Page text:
Thursday, March 28, 2013

Dead Birds of the Met

A few weeks ago I waxed poetic about the virtues of the Bird Art at The Metropolitan Museum of Art. Unfortunately today I was reminded of the opposite side of that coin. Namely, the highly reflective windows of the Met continue to be a death sentence for the Parks birds. Here's a brief tale of why I know this and what needs to be done to remedy the issue. A few weeks ago I located a NSWO in the stand of pines at the NW corner of the Met. NSWO He was so well hidden that I didnt report it to all but the Central Park Birds Flickr gallery. When I returned to check for it today, I found this freshly decapitated field mouse. Dead Mouse After methodically scanning each and every pine cone I could not relocate it there so I widened my search. Looking over at the corner of the Met, I got a sickening feeling. Dead NWSO Not two feet from the highly reflective plate glass window was the still soft body of the Saw-whet Owl. In the glass I could see the outline of where it had collided. WindowStrike As I picked it up I noticed the eyes were still wide open and there was blood coming from around its beak. All classic collision signs. It even still seemed to be in mid-wing beat. Dead NSWO 2 Dead NSWO 3 I called Ranger Rob and turned the bird over to Ranger Eric who will then forward the bird on to the NYSDEC for further analysis. It would be great if the NYSDEC can turn the heat up on the Met to reach out to the Audubon Society and myself to do a full audit of their glass and devise a simple, low cost solution to the problem such as decals, grids or screens. There's no reason the Met cant both preserve the beauty within and outside of their walls. As a final note, there was plenty more evidence that lots of birds are hitting that window. There are a few dead birds in the grate directly underneath the window and lots of outlines of collisions on the window itself.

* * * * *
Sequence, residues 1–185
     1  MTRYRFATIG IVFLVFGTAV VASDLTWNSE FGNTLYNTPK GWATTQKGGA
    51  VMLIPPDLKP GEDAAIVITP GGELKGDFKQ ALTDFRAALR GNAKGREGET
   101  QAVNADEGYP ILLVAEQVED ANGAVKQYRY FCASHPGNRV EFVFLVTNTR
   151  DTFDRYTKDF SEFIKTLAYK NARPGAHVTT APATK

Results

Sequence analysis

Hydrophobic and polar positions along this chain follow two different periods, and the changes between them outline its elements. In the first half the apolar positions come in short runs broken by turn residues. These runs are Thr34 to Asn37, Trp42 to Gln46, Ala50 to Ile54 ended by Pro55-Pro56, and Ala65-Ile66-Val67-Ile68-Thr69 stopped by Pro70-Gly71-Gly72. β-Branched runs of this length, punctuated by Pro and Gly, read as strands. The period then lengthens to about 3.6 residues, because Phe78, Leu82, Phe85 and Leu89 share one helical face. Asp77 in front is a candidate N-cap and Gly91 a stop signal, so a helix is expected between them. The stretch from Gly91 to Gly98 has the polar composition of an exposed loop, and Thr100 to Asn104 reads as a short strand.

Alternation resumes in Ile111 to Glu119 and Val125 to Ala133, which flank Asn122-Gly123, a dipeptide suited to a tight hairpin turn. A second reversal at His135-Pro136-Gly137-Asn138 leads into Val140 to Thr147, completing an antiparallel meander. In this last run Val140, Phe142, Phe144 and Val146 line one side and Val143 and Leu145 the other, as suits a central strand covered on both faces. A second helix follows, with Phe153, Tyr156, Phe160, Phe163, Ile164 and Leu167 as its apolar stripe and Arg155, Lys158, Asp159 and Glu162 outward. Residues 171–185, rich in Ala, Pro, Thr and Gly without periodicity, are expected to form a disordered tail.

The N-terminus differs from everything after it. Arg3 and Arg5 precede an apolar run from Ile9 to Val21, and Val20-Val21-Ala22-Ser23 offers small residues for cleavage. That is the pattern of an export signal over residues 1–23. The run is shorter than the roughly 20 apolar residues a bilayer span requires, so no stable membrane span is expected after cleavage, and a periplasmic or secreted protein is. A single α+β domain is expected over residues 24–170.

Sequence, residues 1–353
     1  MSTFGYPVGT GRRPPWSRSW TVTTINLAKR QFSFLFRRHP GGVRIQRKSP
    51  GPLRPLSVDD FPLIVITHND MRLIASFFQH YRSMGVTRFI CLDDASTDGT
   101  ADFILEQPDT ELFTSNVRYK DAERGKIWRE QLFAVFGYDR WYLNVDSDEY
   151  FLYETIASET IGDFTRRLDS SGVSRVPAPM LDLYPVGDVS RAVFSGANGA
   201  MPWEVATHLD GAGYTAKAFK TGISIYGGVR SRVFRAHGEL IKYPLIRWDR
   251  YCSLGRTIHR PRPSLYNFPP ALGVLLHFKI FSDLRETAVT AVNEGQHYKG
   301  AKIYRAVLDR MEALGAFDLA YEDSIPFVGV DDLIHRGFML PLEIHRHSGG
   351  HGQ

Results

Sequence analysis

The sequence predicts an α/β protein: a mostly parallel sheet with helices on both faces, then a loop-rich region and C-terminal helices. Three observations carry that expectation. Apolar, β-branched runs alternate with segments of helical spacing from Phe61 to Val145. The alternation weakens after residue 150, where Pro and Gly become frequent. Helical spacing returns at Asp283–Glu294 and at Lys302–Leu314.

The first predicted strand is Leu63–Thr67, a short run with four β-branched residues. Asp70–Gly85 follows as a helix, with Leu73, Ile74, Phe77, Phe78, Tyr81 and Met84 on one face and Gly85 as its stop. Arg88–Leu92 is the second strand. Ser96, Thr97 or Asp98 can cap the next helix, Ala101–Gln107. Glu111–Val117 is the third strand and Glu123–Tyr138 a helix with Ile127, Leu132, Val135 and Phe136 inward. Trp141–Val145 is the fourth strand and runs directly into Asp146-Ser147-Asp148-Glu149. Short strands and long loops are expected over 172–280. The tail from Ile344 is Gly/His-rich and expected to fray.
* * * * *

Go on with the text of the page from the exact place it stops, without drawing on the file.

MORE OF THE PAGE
Anonymous said...

This is so tragic. What a waste. A grid or screen should work fine for the Met without compromising their architectural "aesthetic." How can an art institution tolerate this by doing nothing, knowing they are playing a part in the death so much natural beauty? Someone on staff must be disposing of these poor birds. I hope the Audubon Society will get involved. An article in the NY Times, some negative publicity, would help here. Thank you for your efforts.

Out Walking the Dog said...

Terribly sad. An excellent post - I hope the Museum pays attention & that you'll keep us informed.